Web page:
EnCap Investments on track to raise 2.5 billion in newest fund

Chad Eric Watt, Houston Business Journal

An energy private equity fund that raised $1.5 billion last year has deployed all that money in seven months and is raising funds again.

EnCap Investments LP, with offices in Houston and Dallas, aims to close its seventh energy private equity fund by the end of July. This time, it's on track to raise $2.5 billion.

"In retrospect, we should have raised $2.5 (billion) to $3 billion last time," says David Miller, the fund's Dallas-based partner. EnCap's three other partners -- Gary Peterson, D. Martin Phillips and Robert Zorich -- are in Houston.

A furious level of activity in the energy sector, combined with consolidation at the top of the industry, has contributed to EnCap's rapid deployment.

After a decade of languishing, opportunities in the energy sector have blossomed.

Most of those opportunities, from drilling wells to building natural gas pipelines, require a lot of capital.

Driven by higher prices for oil and natural gas, work that once didn't make economic sense has now become feasible, Miller says.

For example, the Barnett Shale region in Fort Worth and parts west has long been known to hold natural gas deposits but, until the last decade, the technique and technology to get at that fuel was limited, and the price of natural gas was too low to extract it economically.

Similar "unconventional" sources for oil and gas elsewhere in North America are experiencing production booms like the Barnett.

And as wells proliferate in the Barnett Shale, drillers are finding a new need for natural gas processing and pipeline systems.

Among EnCap's more recent investments are several Houston-area companies: Destiny Oil & Gas, based in The Woodlands, which focuses on oil and gas properties in Louisiana and Mississippi; Oasis Petroleum LLC, founded by former senior managers of Burlington Resources Inc.; and Paloma Resources LLC, an upstream oil and gas company focused on the Barnett Shale play.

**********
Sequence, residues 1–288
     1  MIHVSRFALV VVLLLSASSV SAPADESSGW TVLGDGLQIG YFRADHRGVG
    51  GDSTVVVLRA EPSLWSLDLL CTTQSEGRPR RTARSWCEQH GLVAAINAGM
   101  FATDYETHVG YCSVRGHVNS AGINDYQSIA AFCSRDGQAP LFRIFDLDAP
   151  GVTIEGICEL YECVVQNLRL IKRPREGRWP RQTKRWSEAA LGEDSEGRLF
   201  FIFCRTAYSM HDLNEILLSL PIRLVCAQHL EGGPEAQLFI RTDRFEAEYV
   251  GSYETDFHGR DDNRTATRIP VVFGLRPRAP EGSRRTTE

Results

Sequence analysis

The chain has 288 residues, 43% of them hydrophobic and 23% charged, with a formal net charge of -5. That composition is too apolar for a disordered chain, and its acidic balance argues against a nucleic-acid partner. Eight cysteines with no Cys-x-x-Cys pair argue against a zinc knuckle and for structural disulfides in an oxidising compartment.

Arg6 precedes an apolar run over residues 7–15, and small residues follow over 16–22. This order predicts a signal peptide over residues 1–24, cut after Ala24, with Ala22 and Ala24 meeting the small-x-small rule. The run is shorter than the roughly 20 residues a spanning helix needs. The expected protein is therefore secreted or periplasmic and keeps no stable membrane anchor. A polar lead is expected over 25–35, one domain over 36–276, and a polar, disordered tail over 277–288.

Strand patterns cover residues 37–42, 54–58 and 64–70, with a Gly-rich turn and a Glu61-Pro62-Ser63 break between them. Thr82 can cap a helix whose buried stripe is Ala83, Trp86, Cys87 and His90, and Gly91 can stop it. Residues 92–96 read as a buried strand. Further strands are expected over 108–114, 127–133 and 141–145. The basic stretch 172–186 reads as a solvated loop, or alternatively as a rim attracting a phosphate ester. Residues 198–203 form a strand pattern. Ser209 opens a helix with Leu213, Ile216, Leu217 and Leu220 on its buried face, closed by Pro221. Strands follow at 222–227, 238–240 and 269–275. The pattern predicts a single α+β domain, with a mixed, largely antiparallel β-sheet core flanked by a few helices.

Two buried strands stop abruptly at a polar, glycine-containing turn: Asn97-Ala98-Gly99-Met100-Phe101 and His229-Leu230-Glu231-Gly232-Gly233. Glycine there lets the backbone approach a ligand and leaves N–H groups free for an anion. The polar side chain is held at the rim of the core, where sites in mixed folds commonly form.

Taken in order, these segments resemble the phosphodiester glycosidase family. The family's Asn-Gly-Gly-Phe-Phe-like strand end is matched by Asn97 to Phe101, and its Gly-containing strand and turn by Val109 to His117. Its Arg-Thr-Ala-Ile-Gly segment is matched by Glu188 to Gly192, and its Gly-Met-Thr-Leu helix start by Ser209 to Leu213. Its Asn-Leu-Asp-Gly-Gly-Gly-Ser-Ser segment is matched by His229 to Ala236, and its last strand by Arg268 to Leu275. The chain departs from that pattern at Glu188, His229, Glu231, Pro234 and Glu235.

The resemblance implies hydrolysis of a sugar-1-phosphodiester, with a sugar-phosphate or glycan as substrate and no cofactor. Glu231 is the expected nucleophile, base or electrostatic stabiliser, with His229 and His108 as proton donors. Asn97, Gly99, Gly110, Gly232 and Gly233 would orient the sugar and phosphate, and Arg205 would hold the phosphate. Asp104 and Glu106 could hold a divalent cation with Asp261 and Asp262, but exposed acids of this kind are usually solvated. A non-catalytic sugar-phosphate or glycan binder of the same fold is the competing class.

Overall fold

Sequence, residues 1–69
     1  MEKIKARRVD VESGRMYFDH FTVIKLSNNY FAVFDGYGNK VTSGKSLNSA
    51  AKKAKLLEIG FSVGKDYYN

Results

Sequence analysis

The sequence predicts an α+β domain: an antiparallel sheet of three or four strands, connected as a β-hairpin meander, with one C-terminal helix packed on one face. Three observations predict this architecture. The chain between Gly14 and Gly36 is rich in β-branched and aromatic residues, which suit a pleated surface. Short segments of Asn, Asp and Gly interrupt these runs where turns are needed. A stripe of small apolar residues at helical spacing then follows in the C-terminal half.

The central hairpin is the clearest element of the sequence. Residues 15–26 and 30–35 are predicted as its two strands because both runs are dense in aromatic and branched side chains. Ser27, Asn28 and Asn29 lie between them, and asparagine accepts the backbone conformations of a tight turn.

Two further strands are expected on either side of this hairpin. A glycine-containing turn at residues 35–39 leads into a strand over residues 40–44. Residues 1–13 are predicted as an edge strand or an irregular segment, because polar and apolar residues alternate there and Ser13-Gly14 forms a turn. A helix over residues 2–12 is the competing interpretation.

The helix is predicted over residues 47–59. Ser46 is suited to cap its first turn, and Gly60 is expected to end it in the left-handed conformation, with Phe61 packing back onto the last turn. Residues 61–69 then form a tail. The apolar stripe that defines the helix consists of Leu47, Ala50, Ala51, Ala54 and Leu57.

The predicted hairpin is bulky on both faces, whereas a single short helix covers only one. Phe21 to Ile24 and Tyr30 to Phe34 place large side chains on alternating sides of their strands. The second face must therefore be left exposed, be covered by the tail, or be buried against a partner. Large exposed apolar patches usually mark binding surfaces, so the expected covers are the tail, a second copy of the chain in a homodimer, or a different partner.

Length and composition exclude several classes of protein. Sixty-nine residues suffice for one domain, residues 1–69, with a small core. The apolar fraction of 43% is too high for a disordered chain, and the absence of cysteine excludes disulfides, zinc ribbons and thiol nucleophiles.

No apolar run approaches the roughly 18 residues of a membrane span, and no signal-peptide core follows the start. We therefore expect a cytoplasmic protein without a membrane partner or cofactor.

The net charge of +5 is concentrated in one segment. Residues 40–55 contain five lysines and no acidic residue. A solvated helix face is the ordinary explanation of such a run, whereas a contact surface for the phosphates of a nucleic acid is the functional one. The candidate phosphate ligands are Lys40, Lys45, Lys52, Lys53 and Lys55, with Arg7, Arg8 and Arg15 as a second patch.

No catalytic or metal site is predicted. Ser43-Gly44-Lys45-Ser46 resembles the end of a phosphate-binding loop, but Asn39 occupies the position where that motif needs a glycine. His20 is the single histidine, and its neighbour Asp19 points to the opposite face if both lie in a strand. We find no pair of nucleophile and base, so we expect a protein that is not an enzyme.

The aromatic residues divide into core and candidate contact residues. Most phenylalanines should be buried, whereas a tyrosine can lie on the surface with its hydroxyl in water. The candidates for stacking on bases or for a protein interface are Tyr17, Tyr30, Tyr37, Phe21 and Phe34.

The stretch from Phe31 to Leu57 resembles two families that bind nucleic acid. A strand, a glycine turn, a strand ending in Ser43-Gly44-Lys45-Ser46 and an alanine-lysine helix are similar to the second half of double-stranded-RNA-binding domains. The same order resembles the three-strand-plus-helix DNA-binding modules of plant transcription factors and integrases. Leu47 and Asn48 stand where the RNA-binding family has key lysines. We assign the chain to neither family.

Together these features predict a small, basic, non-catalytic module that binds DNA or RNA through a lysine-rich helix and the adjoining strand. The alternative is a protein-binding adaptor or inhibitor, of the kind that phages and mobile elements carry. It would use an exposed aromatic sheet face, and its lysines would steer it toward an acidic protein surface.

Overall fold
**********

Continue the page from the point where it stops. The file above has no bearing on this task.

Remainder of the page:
The current shortage of pipelines is a natural fit for the current abundance of private equity seeking investment, says Kathleen McLaurin, a Dallas energy attorney at the Jones Day law firm.

"All of a sudden, there's a ton of capital going, 'Oh, look at this'," she says.

Familiar leaders
While other funders ignored the energy segment, it's been the only thing EnCap has focused on since 1988, when its four founding partners left the energy trading desk at the former Republic Bank.

Nearly half of the 23 ventures backed by the $1.5 billion fund are led by management teams that EnCap has backed before.

"The continued consolidation in the industry spawns some outstanding management teams," Miller says.

That's something that's been snowballing since EnCap's third private equity fund.

"Fifteen percent of that fund was committed to people we'd backed successfully before in the past," Miller says. That grew to 25 percent, then 32 percent and now just under 50 percent.

For the most part, the executives backed by EnCap have built up energy businesses that have been acquired by industry giants and then repeated that cycle.

In addition to its former investees, EnCap has invested in at least another seven ventures that have done the same sort of cycle with other investors behind them.

"In this round, they've decided to align themselves with us," Miller says.

Risk and return
Private-equity groups providing capital to energy firms focus on limiting risk, not on making wild gambles.

"The risks are more about timing of execution and cost control," Miller says.

Risk is down across the energy business.

Wildcat wells that once sported a one-in-10 success rate now succeed 40 percent of the time, thanks in large part to advances in seismic scanning technology.

"That's still not who we are," Miller says.

EnCap has completed more than 100 investments and has lost "small amounts" of money on four of those deals.

EnCap's first stop in raising its newest fund has been investors it turned down for the $1.5 billion fund.

Miller says EnCap's next fund should take a couple of years to deploy. That's the kind of pace the firm is best suited for.

"Our business is about investing the capital," Miller says. "And frankly, spending three or four months raising the capital is inefficient for us."

Chad Eric Watt is a reporter with the Dallas Business Journal, an affiliated publication.

Copyright 2007 Houston Business Journal